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Shortening your stride means you can afford to increase your cadence while still using relatively the same amount of energy. ¡°Increasing your cadence will also improve your efficiency, and you can work this out by counting the number of times your right foot hits the floor in one minute, then doubling it,¡± says Lee Pickering, personal trainer at DW Fitness. ¡°This helps you to become more efficient because the longer your foot is on the floor, the more energy your body needs to provide to push you forward. Increase your cadence to conserve your energy.¡± To boost your cadence (and speed), mix intervals into your training, alternating between sprints and jogging. At either speed, though, your cadence should be quick and your stride short.
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Since running is supposed to be fun, there¡¯s no one better to take clues from on this than kids. ¡°Young children are natural runners. They are great examples of excellent form (for the most part) and proof that we are born to run,¡± says running coach Allison Phillips. So here are her takeaway tips from kids. ¡°1. Children are quick and light on their feet. It looks as though they¡¯re not even touching the ground sometimes, just gliding over the surface. 2. Children are relaxed yet solid and strong in their upper bodies when they run, even when sprinting and running their hardest. 3. Children look up and out when they run. They have an outward focus literally and figuratively. 4. Most importantly, children run wearing a smile. They run with joy, for fun, to play and with friends.¡±
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There¡¯s a lot of debate over which part of your foot should be the first to make contact with the ground. But exercise physiologist Harry Pino says the best foot-strike positioning depends mostly on your physiology and previous training. ¡°Research shows heel strike in and of itself isn¡¯t that bad,¡± he says. ¡°The angle of your foot is the issue of heel strike — your toes are too high, pointing up to the sky.¡± Flattening your foot uses less energy, puts less stress on your ankle and improves your running economy.
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Regardless of which part of your foot hits the pavement first, it¡¯s important that your foot touches down in correct alignment with the rest of your body. ¡°Your feet should hit the ground directly beneath your torso,¡± says running coach Claire Shorenstein. ¡°You want to avoid the foot striking in front of the body because the body then has to catch up with that leg, which is not as efficient. You can practice this by getting into running form and standing on one leg with the other leg bent and lifted, then quickly hop/switch to the other leg as if you are running in place in slow motion. Start slow, a few seconds per leg, then gradually speed up. Focus on your feet landing beneath you, neutral posture and pelvis, relaxed neck and shoulders and good arm swings.¡±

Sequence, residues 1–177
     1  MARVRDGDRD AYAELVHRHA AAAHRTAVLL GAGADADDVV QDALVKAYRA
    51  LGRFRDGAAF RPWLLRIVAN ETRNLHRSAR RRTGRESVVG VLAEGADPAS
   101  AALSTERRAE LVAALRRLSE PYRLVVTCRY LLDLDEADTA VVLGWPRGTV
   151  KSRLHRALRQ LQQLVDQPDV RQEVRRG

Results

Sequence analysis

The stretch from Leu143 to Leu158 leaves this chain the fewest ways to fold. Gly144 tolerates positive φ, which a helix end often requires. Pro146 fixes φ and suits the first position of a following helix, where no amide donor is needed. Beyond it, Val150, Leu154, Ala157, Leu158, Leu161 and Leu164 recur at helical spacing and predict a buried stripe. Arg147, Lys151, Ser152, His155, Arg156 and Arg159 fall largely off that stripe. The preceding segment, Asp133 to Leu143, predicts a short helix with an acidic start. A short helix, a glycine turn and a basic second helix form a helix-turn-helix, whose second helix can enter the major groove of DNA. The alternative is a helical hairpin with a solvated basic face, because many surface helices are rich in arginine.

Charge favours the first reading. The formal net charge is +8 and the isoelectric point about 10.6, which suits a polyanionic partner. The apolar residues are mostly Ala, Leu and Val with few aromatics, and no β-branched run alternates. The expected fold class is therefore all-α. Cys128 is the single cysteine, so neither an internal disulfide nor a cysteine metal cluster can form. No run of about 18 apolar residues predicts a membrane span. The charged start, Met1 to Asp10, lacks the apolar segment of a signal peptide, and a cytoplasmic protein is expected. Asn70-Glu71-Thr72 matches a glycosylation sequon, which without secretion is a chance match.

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Running is a great cardio workout, but it also takes a toll on your muscular system, which is why it¡¯s vital for runners to incorporate strength training into their routines. Focus on lower-body work that strengthens your glutes and hips. Among other benefits, strengthening these muscles helps you avoid Trendelenburg gait, which occurs when you are standing on one leg and the opposite hip drops, says Taylor Moore, CSCS, physical therapist and former collegiate cross-country coach. ¡°Continuing to run like this can lead to injury and slower times.¡± To correct this, Moore recommends running in front of a mirror or videoing your run to see if your opposite hip drops while in the single-leg stance. He also recommends these six exercises to strengthen the gluteus medius muscle: side-lying external hip rotation (clam shell), side-lying hip abduction, bridge, standing hip hike-leg extension, lunges and standing single-leg partial squat.
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One of the most overlooked keys to becoming a better runner (or a better athlete in general) is listening to your body. While it¡¯s important to challenge your body and push it to grow stronger, there are times when you need to ease off. Aches and pains beyond normal muscle soreness are your body¡¯s way of telling you that something is wrong. ¡°After your run, pay attention to how your body feels,¡± says running coach Claire Shorenstein. ¡°Does one part of your body feel more sore than another? It may be a sign of weakness in a particular area and/or a need to work on that part of your form.¡± For example, if your knees are hurting, you may need to work on strengthening your hips. Or if your arms and shoulders hurt, you¡¯ll want to ease off on your arm swing.
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Any good athlete reviews his performance and is constantly looking for ways to improve it. ¡°It may help to have a running buddy or coach film your running in slow motion, so you can better identify what needs work,¡± says running coach Claire Shorenstein. Though you may feel that your form is perfect, the video won¡¯t lie, and seeing a visual representation of your form, along with knowing how that felt during the run, will help you improve on future runs. ¡°Continue to perform the above form checks throughout your run — especially during the later stages of a run, when you are getting fatigued and your form may suffer,¡± says Shorenstein.
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Are you a runner? What do you do before, during and after your run to ensure you have proper form and increase your running efficiency? Have you ever done any of the checks listed above? Which ones have helped you the most? Are there any others you would add to the list? Share your thoughts, questions and suggestions in the comments section below!